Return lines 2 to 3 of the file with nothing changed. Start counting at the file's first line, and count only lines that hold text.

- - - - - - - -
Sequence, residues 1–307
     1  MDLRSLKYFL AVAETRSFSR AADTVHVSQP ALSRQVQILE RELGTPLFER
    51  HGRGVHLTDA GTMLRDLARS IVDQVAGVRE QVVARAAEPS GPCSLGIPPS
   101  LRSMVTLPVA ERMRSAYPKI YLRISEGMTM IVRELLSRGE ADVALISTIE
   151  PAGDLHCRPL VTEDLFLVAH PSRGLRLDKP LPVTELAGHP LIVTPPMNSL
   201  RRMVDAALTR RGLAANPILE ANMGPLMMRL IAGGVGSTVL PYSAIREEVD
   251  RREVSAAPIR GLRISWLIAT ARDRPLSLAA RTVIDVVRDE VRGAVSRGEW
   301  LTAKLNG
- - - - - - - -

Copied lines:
     1  MDLRSLKYFL AVAETRSFSR AADTVHVSQP ALSRQVQILE RELGTPLFER
    51  HGRGVHLTDA GTMLRDLARS IVDQVAGVRE QVVARAAEPS GPCSLGIPPS